by Ashley Schumacher
Publisher: Wednesday Books
Publication Date: February 16, 2021
Genres: Young Adult, Romance
I received an advance review copy of this book from NetGalley. This does not affect my opinion of the book or the content of my review.My rating:
Eighteen-year-old Amelia Griffin is obsessed with the famous Orman Chronicles, written by the young and reclusive prodigy N. E. Endsley. They’re the books that brought her and her best friend Jenna together after Amelia’s father left and her family imploded. So when Amelia and Jenna get the opportunity to attend a book festival with Endsley in attendance, Amelia is ecstatic. It’s the perfect way to start off their last summer before college.
In a heartbeat, everything goes horribly wrong. When Jenna gets a chance to meet the author and Amelia doesn’t, the two have a blowout fight like they’ve never experienced. And before Amelia has a chance to mend things, Jenna is killed in a freak car accident. Grief-stricken, and without her best friend to guide her, Amelia questions everything she had planned for the future.
When a mysterious, rare edition of the Orman Chronicles arrives, Amelia is convinced that it somehow came from Jenna. Tracking the book to an obscure but enchanting bookstore in Michigan, Amelia is shocked to find herself face-to-face with the enigmatic and handsome N. E. Endsley himself, the reason for Amelia’s and Jenna’s fight and perhaps the clue to what Jenna wanted to tell her all along.
Ashley Schumacher's devastating and beautiful debut, Amelia Unabridged, is about finding hope and strength within yourself, and maybe, just maybe, falling in love while you do it.
Content warnings: View Spoiler »parental abandonment and neglect, death of a character in a car accident, grief, death of children (by drowning) and associated guilt (off-page, before book starts) « Hide Spoiler
I love when covers match the book’s contents, don’t you? That gorgeous cover is basically what the book is about, complete with flying whales, late nights reading in a bookstore, and a lost-looking young adult trying to figure out life. It’s heart-wrenching and lovely and I cried way more times than I want to admit.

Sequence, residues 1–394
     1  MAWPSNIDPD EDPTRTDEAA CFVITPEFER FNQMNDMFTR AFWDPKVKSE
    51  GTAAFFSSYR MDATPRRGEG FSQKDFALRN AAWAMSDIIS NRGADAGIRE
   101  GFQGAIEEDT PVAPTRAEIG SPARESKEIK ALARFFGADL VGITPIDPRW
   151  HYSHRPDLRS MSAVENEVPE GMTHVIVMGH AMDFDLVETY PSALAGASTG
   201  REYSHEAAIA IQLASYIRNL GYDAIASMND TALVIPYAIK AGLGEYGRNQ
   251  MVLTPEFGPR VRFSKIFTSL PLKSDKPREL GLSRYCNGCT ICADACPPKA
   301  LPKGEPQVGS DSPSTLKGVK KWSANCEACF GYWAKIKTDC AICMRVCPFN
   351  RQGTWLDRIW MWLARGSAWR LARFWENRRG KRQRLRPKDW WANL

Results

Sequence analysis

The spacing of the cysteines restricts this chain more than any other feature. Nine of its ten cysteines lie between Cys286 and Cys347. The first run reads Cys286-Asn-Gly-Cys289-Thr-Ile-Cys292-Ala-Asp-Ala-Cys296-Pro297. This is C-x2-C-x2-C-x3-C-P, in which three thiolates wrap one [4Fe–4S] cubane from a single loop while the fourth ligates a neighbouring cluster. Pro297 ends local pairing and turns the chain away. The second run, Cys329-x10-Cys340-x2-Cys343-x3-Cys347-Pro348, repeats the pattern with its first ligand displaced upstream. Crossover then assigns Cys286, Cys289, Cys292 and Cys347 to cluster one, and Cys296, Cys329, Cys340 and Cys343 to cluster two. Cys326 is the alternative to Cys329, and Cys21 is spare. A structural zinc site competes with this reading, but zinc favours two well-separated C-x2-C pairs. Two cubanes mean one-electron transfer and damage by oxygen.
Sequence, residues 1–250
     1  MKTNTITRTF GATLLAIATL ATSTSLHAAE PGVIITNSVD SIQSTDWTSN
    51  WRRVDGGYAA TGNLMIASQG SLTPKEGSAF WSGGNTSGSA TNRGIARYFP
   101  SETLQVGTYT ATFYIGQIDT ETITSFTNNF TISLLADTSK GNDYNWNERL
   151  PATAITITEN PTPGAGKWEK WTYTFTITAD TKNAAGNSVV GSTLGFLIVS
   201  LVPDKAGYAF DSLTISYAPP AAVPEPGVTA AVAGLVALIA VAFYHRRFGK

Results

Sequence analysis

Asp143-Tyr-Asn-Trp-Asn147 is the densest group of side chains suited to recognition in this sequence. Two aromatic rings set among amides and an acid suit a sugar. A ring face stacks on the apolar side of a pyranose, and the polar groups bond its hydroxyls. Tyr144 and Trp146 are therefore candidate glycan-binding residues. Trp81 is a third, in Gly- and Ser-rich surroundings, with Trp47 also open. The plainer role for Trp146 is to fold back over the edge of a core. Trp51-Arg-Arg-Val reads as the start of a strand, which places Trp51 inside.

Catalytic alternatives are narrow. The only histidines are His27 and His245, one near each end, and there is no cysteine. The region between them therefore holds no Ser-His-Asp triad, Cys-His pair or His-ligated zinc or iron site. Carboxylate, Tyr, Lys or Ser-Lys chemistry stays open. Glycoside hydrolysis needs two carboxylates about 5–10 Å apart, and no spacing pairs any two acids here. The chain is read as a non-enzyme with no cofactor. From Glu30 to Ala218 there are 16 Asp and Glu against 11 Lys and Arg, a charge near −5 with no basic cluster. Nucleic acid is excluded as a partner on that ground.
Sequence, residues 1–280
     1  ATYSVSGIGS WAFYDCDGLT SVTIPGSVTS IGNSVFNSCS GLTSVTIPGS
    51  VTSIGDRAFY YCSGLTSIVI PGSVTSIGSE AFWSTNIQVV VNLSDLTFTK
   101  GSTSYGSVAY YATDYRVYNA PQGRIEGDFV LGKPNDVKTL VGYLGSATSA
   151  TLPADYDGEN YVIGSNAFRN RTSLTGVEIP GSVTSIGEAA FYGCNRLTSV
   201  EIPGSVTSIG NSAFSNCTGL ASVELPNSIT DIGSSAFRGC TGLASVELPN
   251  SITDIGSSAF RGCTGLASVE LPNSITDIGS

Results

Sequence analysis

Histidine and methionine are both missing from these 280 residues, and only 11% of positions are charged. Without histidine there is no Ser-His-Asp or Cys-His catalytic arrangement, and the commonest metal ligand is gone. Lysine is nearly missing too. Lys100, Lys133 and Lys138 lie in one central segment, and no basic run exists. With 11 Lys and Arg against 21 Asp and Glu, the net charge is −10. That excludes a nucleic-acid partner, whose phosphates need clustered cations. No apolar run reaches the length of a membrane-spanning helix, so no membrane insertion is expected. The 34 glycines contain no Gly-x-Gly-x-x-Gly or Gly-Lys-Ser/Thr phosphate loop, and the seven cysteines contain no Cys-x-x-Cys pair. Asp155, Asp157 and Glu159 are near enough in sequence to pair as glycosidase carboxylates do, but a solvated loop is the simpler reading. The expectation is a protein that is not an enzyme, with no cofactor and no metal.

“Do you want to talk about it?”
I would have been less surprised if the stone lion sitting outside the fancy restaurant across the street had opened its massive jaws and made the same offer, but I managed to mumble, “No, thank you.”
“Good,” Jenna said. “There are too many books and not enough time as it is.”
Amelia met her best friend Jenna the day her father left to start a new family. Her mom struggled to cope, so Amelia basically became folded in to Jenna’s family and they became as close as sisters. They bonded over their love of the Orman book series, where each girl picked one of the protagonists – sisters who are warring over who’s the rightful queen to Orman, a fairytale land somewhat like Narnia – to identify with. As their high school graduation present, they’re going to a con to meet the reclusive N. E. Endsley, the author of the Orman books. At the convention, they separate temporarily before the panel where he will be speaking. When Amelia returns, it’s to find out that the author’s cancelled his appearance. She’s devastated, and even more so when Jenna tells her that she spoke to him before he left. Amelia’s mad, but they partially reconcile before Jenna leaves for a trip to Ireland. And then, she dies in a car accident. Amelia’s left unmoored, until she receives a package from a bookstore she’s never heard of before: a mysterious special edition of the first Orman book. Convinced it’s some sort of sign from Jenna, Amelia hatches a plan to visit the bookstore. But what she finds there is even more unexpected.